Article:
When we have kids we naturally long for their acceptance.  This can be particularly true in the case of our internationally adopted children.  Abandoned once and having gone without essentials we believe to be within the rights of every child, we desperately hate it when anyone around us rejects them for any reason.  As I push forward with protecting my children from racial slurs and inappropriate comments I know that I do.  And perhaps because of their rocky starts in life and our incredible desires and perseverance to become parents, offenses committed towards them create greater objection within us and more of the need to forgive.

But I discovered by being their mom that a wonderful by-product of the first-hand experience of others' fallibility can lead to a closer connection to God.  I'm not suggesting it isn't a painful process, but one that becomes increasingly rewarding with practice.

God "gets" us all.  As the One who created us He already has the answers to our questions before we even think to ask them.  Ironically, it's often the things we ask of Him that He will provide to us only after we surrender them.

For instance, the Bible is filled with examples of this "letting go" of what we have in order to get more of it.  We increase our provision when we give it away in the form of our tithe.  When Hannah, an infertile woman in the Bible cried out to God that if only He would bless her with a child she would "surrender" him by dedicating him to the Lord and have him raised by a rabbi in a temple, she became pregnant.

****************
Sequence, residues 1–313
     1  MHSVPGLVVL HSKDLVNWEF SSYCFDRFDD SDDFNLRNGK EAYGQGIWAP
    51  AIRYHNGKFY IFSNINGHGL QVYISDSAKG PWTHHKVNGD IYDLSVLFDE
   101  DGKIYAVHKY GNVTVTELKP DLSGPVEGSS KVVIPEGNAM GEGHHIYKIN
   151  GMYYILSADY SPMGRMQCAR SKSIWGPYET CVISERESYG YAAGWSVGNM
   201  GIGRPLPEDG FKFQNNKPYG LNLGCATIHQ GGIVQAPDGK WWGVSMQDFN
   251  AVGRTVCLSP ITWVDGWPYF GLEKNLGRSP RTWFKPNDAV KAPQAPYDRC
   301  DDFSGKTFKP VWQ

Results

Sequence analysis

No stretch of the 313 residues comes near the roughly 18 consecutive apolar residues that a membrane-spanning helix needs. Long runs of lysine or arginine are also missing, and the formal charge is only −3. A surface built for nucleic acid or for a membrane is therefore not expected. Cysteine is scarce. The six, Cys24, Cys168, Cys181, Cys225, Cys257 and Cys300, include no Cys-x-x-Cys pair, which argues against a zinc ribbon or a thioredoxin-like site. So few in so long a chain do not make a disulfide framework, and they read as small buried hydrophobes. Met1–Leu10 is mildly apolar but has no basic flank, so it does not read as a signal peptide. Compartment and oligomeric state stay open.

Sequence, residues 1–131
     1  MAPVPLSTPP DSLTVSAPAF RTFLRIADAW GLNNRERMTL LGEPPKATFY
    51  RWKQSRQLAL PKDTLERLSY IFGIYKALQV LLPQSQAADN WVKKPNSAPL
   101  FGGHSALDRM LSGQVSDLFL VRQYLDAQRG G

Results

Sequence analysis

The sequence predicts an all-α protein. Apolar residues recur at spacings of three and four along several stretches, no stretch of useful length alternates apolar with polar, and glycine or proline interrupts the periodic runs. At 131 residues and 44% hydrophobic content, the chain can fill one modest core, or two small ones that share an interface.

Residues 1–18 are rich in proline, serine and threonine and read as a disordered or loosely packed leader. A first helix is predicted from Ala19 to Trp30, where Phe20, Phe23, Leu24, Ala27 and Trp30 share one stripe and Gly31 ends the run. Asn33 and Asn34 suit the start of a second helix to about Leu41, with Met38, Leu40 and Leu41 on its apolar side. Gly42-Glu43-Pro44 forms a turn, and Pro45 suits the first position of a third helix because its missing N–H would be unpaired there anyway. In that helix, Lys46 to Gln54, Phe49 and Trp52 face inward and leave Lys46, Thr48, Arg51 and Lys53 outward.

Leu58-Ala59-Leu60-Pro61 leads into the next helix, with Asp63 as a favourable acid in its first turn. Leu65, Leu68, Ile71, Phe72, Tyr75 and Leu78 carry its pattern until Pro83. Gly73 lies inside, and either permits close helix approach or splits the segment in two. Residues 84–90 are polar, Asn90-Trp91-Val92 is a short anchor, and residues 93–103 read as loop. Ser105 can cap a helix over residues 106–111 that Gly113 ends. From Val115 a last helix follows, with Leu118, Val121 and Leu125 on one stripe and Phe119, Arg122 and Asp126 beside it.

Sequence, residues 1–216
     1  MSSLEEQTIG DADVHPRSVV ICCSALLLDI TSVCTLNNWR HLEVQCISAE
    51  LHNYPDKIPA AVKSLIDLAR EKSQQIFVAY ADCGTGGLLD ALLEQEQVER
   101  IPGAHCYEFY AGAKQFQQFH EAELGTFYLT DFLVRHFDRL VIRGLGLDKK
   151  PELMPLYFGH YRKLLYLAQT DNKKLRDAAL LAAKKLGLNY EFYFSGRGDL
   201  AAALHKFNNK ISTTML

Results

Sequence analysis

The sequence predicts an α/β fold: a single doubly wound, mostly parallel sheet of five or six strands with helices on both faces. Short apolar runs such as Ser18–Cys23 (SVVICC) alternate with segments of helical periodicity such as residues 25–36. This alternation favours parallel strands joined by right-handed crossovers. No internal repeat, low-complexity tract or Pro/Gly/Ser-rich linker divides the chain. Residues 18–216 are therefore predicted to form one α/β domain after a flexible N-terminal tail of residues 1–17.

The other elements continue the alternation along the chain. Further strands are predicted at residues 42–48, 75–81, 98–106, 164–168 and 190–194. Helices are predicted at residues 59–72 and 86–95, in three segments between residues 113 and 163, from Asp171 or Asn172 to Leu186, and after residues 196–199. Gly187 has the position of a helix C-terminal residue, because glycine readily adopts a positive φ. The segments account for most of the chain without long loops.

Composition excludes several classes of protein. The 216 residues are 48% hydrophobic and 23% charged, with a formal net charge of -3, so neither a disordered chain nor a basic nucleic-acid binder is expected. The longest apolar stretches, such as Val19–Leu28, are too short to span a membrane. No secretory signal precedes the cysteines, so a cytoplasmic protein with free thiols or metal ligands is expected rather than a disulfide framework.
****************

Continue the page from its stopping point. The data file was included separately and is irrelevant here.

God showed me that if I wanted understanding for myself and my children as an adoptive parent, I first had to surrender my desire for understanding and be willing to gain it for those I perceived lacked it for us.  This is work.

Drumming up both the desire to understand and then the motivation to turn it into action can be extremely difficult.  Yet it's such a positive step toward spiritual maturity.

Each time you make true attempts to understand another with genuine forgiveness as your goal, it inevitably leads you to putting into practice an offering of "grace" to them.

The giving of grace is treating them with love even if they have been unloving towards you.  Simply put, it's offering them the benefit of the doubt for what they said or meant.  It's done by making a conscious choice to not hold something offensive against them in your thoughts or actions.

The enormous payoff is when grace and forgiveness really do affect a positive change in another person and in your relationship with them.  A truly breathtaking thing happens when these two are given, received, and result in a softening of hearts that change perception.  Your heart sees them through the eyes of a loving God.  This breaks down their defenses and helps them to respond positively to your compassion.  Both perceptions are changed for the better and truer, resulting in healthier, more humane attitudes and eventual actions.